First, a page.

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Kafka-ish: Kafka @Finborough

In offering proof that Kafka is everything to everyone - writer-performer Jack Klaff plays various roles, including the man himself in what is a part tour, part immersion and part legend of Franz Kafka. He is a writer who achieved fame after his life was cut short due to succumbing to tuberculosis at the age of forty. He is probably better known for his reputation and the Kafkaesque style attributed to his writing than his life. But after this piece, you’re left curious to learn more about the man and his works. And that has to be the best theatrical tribute you could give a writer, even for a writer who stipulated that his works be destroyed upon his death. It’s currently playing at the Finborough Theatre . Franz Kafka was born in Prague in 1883. In 1901, he was admitted to a university and began studying law. While studying, he met Max Brod, who would become his best friend and eventual literary executor. Brod would posthumously publish many of his works and writings. Kafka’s life co

Random doubts and gaslighting: Late Night Staring at High Res Pixels

Sending a semi-naked photo to a boyfriend sets off a chain reaction of events between two women in Athena Steven's Late Night Staring at High Res Pixels. Is it a case of overthinking everything or is some power game at play?

Writer Athena Steven's has repurposed her play into a streamed online event split into mini-episodes released every night over February. Now that we're in March, you don't have to deal with the suspense of waiting for the next instalment, and you can binge it all in one sitting online. It feels like a part drama, part theatre at home and part paranoia.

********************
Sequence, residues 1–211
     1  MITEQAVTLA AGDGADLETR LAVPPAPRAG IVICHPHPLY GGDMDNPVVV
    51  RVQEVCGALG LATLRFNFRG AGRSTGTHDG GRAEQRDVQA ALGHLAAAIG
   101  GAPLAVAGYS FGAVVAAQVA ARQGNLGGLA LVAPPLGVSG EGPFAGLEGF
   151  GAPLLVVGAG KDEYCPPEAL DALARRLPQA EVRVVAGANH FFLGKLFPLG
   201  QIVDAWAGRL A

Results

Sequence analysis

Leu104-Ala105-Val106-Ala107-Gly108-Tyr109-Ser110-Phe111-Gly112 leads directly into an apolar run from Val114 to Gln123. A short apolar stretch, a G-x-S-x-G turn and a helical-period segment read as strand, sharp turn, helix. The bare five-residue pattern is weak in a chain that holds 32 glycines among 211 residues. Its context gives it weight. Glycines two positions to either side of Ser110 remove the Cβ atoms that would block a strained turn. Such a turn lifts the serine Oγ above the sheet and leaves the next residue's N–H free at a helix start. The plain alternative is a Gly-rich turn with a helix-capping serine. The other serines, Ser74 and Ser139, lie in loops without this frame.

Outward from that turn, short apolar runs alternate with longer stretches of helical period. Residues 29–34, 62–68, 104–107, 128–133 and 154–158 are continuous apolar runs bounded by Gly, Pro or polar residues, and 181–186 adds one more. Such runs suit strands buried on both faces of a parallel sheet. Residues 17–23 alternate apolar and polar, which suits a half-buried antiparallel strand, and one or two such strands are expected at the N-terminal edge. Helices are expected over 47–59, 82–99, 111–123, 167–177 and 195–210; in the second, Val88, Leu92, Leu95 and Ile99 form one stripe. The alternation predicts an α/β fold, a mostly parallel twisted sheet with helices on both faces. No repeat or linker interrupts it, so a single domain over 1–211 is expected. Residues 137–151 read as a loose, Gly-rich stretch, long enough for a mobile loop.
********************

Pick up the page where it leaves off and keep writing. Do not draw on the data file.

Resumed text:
The story unfolds through monologues from the two women. They don't have names other than the girlfriend (Evelyn Lockley) and the best friend (Stevens). What brings them together is a man who turns out to be bringing out their darker side. They begin to question everything, and what slowly emerges is a tale of power and control. 

It's imaginatively captured on stream on the YouTube platform. However, you need to allow for YouTube's endless clutter and random advertisements.  Each episode runs for under ten minutes and builds on each of the character's doubts and fears.  

Filming with iPads and everyday objects found about the home highlights the naturalness of the situation. And placing the two characters alone at home, filmed at unusual angles and moody music underscoring the dialogue heightens the tension. Watching it during the lockdown, where there is more isolation than ever, makes the self-doubt and internal monologues seem more believable.

The pacing might not be for everyone's taste, but the performances, ideas and resourcefulness are to be admired. 

As part of the Finborough For Free programme, the theatre's releasing a new work every month of closure for free. You can support the theatre by becoming a friend or making a donation from their website. 

Directed by Lily Mcleish, Late Night Staring At High Res Pixels is available online until the end of March.

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